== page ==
Back to listing

Five Fostering Myths Debunked

We're on a myth-busting mission to dispel some of the commonly held myths surrounding fostering in a bid to encourage more people to consider fostering.

May 27 2022 - 5 min read

5 Fostering Myths Debunked

Everyone knows that fostering is a commitment that could change more than one life for the better - but there are also many dumbfounded myths out there that are giving fostering a bad rep.

We're on a myth-busting mission to dispel some of the commonly held myths surrounding fostering in a bid to encourage more people to come forward and consider fostering vulnerable children.

Foster parents come from all kinds of backgrounds, cultures and walks of life. We have all sorts of shapes, sizes, ages and plenty of different life experiences. They are from all corners of the world and types of homes. Just as every child is unique, every foster family is unique too.

Myth 1 - “Foster children have massive behaviour issues and they will trash your house”

Myth busted by Ian and Lynne, foster parents for the last year

“It is a common public misconception that every single foster child or teenager out there has behaviour issues and will be disruptive. This simply isn’t the case! We know it happens, but I think that is probably a big hurdle for people considering fostering because like us, you could possibly hold back because of this myth about foster children's behaviours. Every child is so different, and so you can't have just one blanket vision of what a foster child looks like.”

Myth 2 - “Age is a limiting factor when you want to become a foster parent”

Myth busted by Suso, aged 73, foster parent for 23 years

Twenty-three years ago, Suso, now aged 73, was inspired to become a foster carer by his wife Ruth, who was a nursery nurse for several years but always dreamt of extending their family.

However, in 2009, Ruth sadly passed, leaving Suso to look after their foster children alone.

Suso said: “Since my wife died, fostering has really helped me to keep busy and to focus on other things. Ruth inspired me to become a foster carer and it was always her dream to have a big family, so I’m glad I can fulfil this and make her proud, even at the age of 73!”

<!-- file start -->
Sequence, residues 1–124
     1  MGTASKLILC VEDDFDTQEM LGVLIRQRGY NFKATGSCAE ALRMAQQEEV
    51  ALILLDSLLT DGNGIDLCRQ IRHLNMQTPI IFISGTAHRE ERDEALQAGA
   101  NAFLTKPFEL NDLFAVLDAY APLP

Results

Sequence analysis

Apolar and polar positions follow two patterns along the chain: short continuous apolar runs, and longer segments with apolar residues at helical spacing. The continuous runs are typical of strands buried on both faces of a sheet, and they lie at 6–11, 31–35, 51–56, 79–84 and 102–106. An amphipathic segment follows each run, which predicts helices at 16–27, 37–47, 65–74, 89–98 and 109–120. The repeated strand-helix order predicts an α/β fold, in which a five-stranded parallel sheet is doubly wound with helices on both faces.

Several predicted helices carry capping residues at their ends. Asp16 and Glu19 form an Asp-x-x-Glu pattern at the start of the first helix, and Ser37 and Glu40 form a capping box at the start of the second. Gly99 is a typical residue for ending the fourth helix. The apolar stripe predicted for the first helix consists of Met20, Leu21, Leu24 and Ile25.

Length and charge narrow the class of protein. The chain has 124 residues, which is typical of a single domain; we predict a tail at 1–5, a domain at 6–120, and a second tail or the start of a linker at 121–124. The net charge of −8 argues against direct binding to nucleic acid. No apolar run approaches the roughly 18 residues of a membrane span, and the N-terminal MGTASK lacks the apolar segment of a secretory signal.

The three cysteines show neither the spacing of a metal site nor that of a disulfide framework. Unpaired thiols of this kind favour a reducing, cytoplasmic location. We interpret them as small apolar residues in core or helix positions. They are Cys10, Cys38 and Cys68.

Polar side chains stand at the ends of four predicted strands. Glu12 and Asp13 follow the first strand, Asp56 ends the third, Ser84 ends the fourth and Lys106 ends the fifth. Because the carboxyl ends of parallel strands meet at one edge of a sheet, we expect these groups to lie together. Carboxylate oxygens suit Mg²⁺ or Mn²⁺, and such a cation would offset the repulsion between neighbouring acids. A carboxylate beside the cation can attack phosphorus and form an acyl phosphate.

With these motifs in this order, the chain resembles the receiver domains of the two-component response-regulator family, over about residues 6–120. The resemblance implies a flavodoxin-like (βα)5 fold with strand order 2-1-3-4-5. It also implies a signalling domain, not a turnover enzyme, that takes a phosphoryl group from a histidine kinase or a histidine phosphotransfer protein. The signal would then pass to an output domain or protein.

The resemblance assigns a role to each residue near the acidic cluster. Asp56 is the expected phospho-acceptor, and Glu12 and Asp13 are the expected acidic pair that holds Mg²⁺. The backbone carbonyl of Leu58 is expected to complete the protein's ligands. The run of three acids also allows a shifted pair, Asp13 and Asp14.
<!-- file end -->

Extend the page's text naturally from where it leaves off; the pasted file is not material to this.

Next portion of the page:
Myth 3 - “You have to commit to fostering full-time if you want to significantly change a child's life”

Myth busted by Karen, aged 62, respite foster parent for almost 5 years

“Our first foster child came just for the weekend to give both him and his full-time foster parents a break. We had a great time and really enjoyed our weekend together. He continued to come and stay with us for respite. He said to me that we were like his ‘foster grandparents’, which was just so heartwarming to hear.

“We were able to be the one constant for him, whenever he needs a respite placement, he comes to us, and that’s really good. Everything that a foster parent does, whether it’s on a respite or ongoing basis is the same. If we have a child for one night, it is still vital that we know everything possible about fostering, we are all doing the same thing.”

Myth 4 - “I couldn't foster because I'd get too attached”

Myth busted by Jim and Jeanette, foster parents for the last 18 years

“Foster caring is not a job, it is a vocation and they aren’t our foster children, they’re our children. Watching them grow, become lovely young people and do something valuable with their lives is wonderfully rewarding. We just want to offer them a place where they can always go back to if they ever need to, our home will always be their home. People shouldn't worry about attachment, they should worry about the quality of care they are providing.

“We’re big believers that a great difference can be made to the children’s lives with just a bit of love and affection. And, of course, looking after children, regardless of age, will never be a walk in the park. But the rewards are infinite.”

Myth 5 - “You have to have your own children to be able to foster”

Myth busted by Ian and Lynne, foster parents for the last year

“You don't have to have your own children to foster. We’re doing a great job and weren't previously parents ourselves.”

“We felt inspired to become foster parents as we thought it was time in our life to give something back. We haven't got children of our own, so we thought, let's try and do something different. Not having children of our own didn’t hold us back in any way”.

It’s estimated that fostering agencies and local authorities need to recruit a further 5,900 foster families in the next 12 months in the UK. If you’d like to learn more about the role of a foster carer, then please call our friendly team on 0800 3698513 or complete our online enquiry form.